The ambassador of Ethiopia was kicked out amid the port deal dispute


Somalia has announced the expulsion of Ethiopia’s ambassador from the country amid rising tensions over a port deal dispute in the breakaway region of Somaliland.
Ethiopian Ambassador Mukhtar Mohamed was sent home for consultations, the office of Somalia’s prime minister said on Thursday.
The dispute arose after landlocked Ethiopia agreed on a memorandum of understanding on January 1 to lease 20km (12 miles) of coastline in Somaliland.
‘Landgrab’ Somalia claims Somaliland as its own territory, even though the northern region has enjoyed effective autonomy since 1991.
Somalia says the deal amounts to a landgrab, while Ethiopia says the deal is of a commercial nature and vital to its economic needs.
Somalia also felt that the Ethiopian government bypassed Mogadishu in reaching the deal, Al Jazeera’s Soi said.
Adding to the tension was Ethiopia’s recent meeting with officials from the semi-autonomous Puntland region of Somalia to discuss “bilateral” cooperation, she added.
Mohamud said Ethiopian assets would have to cross into Somalia’s territory to reach the leased area and warned Addis Ababa against taking such a step.


A dispute over a port deal in Somaliland, a breakaway region of the country, has led to increased tensions, and Somalia has announced the expulsion of Ethiopia’s ambassador.

The prime minister of Somalia’s office announced on Thursday that Ethiopian Ambassador Mukhtar Mohamed had been sent home for consultations. Ethiopia is also closing its consulates in Mogadishu in the capital cities of Puntland, which is semi-autonomous, and Hargeisa, which is the largest city and capital of Somaliland.

Ali Omar, Somalia’s Foreign Minister, added in a brief statement on X that Mohamed has been given 72 hours to depart the country due to what he called “Ethiopian interference” in Mogadishu’s “internal affairs.”.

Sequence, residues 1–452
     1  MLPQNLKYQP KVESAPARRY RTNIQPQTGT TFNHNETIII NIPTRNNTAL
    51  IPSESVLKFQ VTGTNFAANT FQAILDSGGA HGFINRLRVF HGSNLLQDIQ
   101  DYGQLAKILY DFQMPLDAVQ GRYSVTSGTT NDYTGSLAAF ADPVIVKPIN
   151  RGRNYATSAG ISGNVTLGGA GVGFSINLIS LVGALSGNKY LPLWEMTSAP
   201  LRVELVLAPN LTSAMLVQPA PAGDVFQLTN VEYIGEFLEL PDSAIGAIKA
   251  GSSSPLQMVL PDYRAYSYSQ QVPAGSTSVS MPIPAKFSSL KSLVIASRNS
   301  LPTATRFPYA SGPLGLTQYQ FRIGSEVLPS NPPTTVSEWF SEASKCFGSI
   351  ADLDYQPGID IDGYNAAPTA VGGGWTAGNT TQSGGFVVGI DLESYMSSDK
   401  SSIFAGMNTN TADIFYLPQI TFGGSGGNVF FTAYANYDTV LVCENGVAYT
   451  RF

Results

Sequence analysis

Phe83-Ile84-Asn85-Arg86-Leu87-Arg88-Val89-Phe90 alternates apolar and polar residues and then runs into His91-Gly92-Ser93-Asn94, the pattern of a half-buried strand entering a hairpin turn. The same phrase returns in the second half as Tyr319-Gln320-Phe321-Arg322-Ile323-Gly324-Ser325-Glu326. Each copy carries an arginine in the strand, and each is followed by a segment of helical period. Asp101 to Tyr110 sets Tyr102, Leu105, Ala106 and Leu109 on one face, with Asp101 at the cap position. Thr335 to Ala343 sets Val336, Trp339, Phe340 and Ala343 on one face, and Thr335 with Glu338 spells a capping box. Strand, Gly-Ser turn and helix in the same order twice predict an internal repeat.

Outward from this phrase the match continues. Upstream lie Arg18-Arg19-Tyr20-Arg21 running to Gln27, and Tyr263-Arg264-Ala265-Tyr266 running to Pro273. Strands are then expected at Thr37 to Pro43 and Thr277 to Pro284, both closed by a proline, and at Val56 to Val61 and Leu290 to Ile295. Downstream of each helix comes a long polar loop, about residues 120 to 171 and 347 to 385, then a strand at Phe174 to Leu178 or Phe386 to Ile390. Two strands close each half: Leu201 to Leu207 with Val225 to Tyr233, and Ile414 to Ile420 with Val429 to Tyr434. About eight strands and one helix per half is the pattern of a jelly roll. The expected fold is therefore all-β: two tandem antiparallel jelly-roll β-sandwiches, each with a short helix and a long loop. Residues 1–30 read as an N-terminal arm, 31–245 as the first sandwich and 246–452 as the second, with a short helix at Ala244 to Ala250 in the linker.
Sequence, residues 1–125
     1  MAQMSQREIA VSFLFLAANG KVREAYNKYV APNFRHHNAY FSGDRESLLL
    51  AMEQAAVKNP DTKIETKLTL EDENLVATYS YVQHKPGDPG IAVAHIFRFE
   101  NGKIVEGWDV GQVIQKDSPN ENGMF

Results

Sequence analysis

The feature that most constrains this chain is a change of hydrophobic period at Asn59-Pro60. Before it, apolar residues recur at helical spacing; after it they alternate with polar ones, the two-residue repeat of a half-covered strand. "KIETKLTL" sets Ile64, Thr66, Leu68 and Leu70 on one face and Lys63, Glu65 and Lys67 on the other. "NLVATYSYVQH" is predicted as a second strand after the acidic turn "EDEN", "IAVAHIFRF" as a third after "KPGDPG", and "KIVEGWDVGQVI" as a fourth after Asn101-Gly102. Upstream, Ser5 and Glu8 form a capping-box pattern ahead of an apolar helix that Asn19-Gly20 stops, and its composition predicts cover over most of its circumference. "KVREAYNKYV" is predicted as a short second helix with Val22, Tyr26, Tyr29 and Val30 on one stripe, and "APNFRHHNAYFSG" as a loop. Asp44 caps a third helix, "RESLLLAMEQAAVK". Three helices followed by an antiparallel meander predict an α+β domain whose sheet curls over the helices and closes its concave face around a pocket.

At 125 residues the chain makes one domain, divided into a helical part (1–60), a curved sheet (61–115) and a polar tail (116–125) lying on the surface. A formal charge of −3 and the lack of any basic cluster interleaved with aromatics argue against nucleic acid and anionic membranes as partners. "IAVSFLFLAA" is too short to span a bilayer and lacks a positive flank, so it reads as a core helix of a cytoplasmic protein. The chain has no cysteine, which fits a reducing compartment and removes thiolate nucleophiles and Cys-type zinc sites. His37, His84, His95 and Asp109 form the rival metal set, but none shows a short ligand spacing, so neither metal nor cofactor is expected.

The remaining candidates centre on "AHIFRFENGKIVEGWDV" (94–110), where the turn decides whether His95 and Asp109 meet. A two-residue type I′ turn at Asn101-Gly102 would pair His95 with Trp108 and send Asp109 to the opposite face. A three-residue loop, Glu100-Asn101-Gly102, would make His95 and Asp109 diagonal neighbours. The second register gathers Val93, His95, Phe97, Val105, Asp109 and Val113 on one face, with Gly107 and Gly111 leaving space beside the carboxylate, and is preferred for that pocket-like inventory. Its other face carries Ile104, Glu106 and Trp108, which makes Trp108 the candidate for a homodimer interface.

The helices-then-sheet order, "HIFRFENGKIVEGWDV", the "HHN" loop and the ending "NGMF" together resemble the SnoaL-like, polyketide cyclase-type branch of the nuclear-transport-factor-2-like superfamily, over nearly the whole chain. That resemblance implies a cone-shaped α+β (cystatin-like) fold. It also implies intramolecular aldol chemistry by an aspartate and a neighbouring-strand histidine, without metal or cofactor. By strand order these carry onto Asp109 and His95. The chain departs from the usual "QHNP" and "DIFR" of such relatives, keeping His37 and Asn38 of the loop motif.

He wrote that Somalia “stands firm on its sovereignty.”. “We are unwavering in our determination to defend our territory. “.

Reporting from Nairobi, the capital of Kenya, Catherine Soi of Al Jazeera described the expulsion as a significant diplomatic step up.

“It seems like there will be a significant setback” in attempts to reach a peaceful resolution to the agreement, Soi declared.

The conflict started when Ethiopia, a landlocked country, decided to lease 20 kilometers (12 miles) of Somaliland’s coastline on January 1.

Ethiopia will be allowed to use the coastland surrounding the port of Berbera on the Gulf of Aden for both military and commercial purposes for 50 years as per the agreement.

Ethiopia protested and became enraged, accusing Ethiopia of attempting to annex a portion of its territory. They also feared that the agreement would further destabilize the Horn of Africa. Ethiopia claimed it intended to establish a naval base there and offered potential recognition of Somaliland in exchange.

Grab a land grab.

Although the northern region has had effective autonomy since 1991, Somalia still claims Somaliland as its own territory.

Ethiopia claims the agreement is of a commercial nature and essential to its economic needs, while Somalia claims it amounts to a land grab.

According to Al Jazeera’s Soi, Somalia believed that the Ethiopian government reached the agreement without consulting Mogadishu.

She continued, saying that Ethiopia’s recent meeting to discuss “bilateral” cooperation with officials from Somalia’s semi-autonomous Puntland region had added to the tension.

Somali President Hassan Sheikh Mohamud declared in a January exclusive interview with Al Jazeera that his nation would “defend itself” in the event that Ethiopia carried out the agreement.

In order to access the leased area, Mohamud said Ethiopian assets would need to cross into Somalia’s territory. He issued a warning to Addis Ababa against making such a move.

Ethiopians haven’t entered Somalia as of yet. That will be a different kind of issue if they do, according to Mohamud.

Additionally, he charged that days before the Memorandum of Understanding was signed, in late December, during their “very good” talks on the “unity” of Somalia in Djibouti, Ethiopian Prime Minister Abiy Ahmed had kept him “in the dark” about the agreement with Somaliland.

He responded that Ethiopia was in charge when asked if he believed there could be a win-win resolution to the situation, which has heightened concerns of a protracted diplomatic spat.

Without a doubt, Mohamud stated, “We want Ethiopia to have access to the sea,” and the federal government was prepared to work with Addis Ababa to reach an agreement.

But we’re not prepared to seize a plot of land. “.

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